difference is that they're going to need a whole lot more
than 870 "peacekeepers" to evict 17,000 Jewish settlers
IT GOOD FOR THE JEWS?
has always been the tendency of US policy in the region: to
bring in American soldiers, in whatever "multinational"
guise, as the ultimate guarantors of Israeli national security.
The Israel Firsters, in Israel and elsewhere, do not look
forward to this prospect with any great enthusiasm. As nationalists,
they naturally resent the idea that a foreign country, such
as the US, could or should be trusted to defend the Jewish
state. Is it good for the Jews? This is a question to be decided
in Israel, not Washington. But such archaic concepts as national
sovereignty will not get in the way of the globalist "peacemakers,"
who have their own economic and geopolitical interests in
the region interests that may not always intersect
civilizational passions sweeping the region are not limited
to the Arab "street" Israel is itself undergoing
a period of religious intensity and even turmoil. Radical
fundamentalists are rising to challenge the left-idealist
egalitarian roots of the Zionist movement, and agitating for
a return to orthodoxy and religious-ethnic purity. While the
Western media went crazy when the "far right" Freedom
Party came in second in the recent Austrian elections, because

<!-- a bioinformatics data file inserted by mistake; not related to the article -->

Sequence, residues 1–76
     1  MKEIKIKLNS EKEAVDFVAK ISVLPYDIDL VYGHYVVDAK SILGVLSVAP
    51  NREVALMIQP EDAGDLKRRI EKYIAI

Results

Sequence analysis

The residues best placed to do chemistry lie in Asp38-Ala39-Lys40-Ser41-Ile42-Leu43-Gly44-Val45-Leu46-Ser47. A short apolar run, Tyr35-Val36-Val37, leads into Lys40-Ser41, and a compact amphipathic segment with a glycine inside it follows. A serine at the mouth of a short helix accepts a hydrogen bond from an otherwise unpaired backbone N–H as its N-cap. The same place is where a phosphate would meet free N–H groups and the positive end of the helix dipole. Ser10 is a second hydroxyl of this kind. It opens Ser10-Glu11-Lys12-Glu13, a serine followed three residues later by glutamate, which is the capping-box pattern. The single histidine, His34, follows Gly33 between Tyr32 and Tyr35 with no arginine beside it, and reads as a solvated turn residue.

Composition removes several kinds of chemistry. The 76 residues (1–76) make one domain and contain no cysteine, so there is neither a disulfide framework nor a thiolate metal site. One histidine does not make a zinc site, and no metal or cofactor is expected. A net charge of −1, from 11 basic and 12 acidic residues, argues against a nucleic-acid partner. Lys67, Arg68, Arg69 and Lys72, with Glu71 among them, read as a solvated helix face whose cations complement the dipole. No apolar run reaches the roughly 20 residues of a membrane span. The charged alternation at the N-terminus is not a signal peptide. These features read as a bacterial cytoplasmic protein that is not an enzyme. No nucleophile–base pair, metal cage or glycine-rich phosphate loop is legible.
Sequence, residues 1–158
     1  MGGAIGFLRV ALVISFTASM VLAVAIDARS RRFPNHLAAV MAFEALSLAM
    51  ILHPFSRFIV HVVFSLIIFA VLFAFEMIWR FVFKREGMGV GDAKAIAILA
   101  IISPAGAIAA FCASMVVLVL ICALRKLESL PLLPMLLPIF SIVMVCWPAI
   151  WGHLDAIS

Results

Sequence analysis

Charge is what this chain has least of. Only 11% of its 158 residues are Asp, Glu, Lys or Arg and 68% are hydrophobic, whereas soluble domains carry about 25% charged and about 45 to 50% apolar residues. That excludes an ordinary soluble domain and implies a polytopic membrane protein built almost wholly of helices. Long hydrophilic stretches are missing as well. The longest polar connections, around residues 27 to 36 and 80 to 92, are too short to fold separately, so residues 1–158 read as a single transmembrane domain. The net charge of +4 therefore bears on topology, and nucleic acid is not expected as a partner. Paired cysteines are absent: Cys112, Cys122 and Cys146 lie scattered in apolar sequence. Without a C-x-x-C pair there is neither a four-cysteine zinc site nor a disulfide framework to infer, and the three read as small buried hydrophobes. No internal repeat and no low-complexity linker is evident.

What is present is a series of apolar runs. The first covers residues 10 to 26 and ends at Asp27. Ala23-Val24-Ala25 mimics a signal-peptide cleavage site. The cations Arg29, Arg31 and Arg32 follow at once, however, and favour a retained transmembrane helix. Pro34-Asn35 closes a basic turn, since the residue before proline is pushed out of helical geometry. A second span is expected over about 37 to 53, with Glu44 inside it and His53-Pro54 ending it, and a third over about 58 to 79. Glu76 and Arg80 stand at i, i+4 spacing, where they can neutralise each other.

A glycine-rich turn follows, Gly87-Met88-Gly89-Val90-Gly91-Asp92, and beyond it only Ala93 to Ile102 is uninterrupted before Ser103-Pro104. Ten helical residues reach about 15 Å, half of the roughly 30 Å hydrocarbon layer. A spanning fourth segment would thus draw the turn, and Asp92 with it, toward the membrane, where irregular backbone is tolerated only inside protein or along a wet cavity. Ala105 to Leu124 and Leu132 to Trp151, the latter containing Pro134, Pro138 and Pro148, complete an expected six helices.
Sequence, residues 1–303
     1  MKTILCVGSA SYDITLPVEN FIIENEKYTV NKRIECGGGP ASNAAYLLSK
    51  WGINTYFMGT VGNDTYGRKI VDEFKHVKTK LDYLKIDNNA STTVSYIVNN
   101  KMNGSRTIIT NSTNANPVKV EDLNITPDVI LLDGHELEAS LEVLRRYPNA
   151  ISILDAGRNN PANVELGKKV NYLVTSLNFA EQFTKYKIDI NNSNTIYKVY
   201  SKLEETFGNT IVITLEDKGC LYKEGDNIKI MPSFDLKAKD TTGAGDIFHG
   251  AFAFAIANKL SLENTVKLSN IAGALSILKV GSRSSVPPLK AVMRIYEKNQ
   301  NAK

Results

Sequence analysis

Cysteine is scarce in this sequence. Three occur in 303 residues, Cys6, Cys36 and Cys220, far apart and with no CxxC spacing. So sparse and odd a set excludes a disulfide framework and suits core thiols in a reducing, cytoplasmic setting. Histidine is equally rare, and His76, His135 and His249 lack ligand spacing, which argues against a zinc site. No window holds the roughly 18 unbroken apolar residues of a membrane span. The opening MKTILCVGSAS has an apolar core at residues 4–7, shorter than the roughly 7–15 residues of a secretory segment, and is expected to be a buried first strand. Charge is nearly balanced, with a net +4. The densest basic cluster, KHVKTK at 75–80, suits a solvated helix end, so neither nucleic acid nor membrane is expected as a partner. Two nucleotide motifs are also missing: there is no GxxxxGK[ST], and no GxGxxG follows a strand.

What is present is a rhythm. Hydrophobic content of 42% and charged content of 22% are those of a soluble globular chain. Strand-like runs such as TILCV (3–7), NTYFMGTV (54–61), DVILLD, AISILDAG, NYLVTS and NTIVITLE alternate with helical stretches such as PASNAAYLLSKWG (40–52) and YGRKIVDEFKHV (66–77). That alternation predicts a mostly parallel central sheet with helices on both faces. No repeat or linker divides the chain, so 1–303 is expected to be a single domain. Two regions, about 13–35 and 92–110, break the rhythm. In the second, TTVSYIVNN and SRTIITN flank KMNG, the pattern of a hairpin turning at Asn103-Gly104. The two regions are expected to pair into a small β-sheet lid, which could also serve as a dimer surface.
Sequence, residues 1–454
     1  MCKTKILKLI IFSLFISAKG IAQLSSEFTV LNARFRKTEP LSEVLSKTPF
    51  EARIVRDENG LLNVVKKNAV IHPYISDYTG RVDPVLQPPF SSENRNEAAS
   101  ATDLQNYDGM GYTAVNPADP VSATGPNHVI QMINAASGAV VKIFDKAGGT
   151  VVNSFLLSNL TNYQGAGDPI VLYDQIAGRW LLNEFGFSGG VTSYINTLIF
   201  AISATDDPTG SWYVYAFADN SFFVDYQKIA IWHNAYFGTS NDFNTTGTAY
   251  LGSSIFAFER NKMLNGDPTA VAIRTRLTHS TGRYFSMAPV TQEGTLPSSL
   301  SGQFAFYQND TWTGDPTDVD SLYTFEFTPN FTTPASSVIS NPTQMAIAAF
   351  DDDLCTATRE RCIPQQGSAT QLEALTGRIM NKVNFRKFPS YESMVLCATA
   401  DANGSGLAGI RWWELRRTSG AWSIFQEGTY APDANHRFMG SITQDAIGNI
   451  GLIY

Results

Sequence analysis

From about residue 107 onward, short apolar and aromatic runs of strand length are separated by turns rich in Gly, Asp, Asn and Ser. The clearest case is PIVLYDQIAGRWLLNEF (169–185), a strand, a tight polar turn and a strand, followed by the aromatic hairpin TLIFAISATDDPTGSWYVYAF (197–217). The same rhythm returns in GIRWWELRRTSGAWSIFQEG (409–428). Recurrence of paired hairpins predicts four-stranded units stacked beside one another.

party leader Joerg Haider supports some limits on immigration,
we hear virtually nothing about it when the same phenomenon
erupts in Israel. Isn't it funny how that works?
SOUND OF SILENCE
When a faction of ultra-Orthodox
Jews in coalition with Israeli government officials proposed
a new law severely limiting the "right of return"
which provides a right of automatic citizenship to anyone
who can claim kinship with a Jewish ancestor, where were the
outraged editorials? Austria did not threaten to cut off all
diplomatic relations with Israel, as Israel threatened to
do with Austria after the election returns came in. The pundits
were silent. Yet the Israeli backlash against immigration
is not fundamentally different from the Austrian and Swiss
movements against multiculturalism, reported so luridly and
extensively in the English-speaking press. Lured to Israel
by the generous welfare benefits bestowed by the socialist
system, an increasing number of non-Jewish immigrants are
beginning to display some political clout. Rabbis complain
that they are setting up butcher shops that deal in pork,
a violation of the religious laws at the conceptual core of
the Jewish state. Yet I have seen only one,
or at most two news stories about this phenomenon
and no commentary on the subject.
even the outrageous news that Christian religious symbols
crosses, mangers, etc. in Israeli hotel lobbies
will be forbidden by law during the Christmas season has aroused
the least bit of indignation. Since the link to the single
Associated Press story [November 25, 1999] has long since
expired, I will reproduce the whole short item below, for
CRACK DOWN ON CHRISTMAS CELEBRATIONS
and Christmas trees have been banned from Israeli hotel lobbies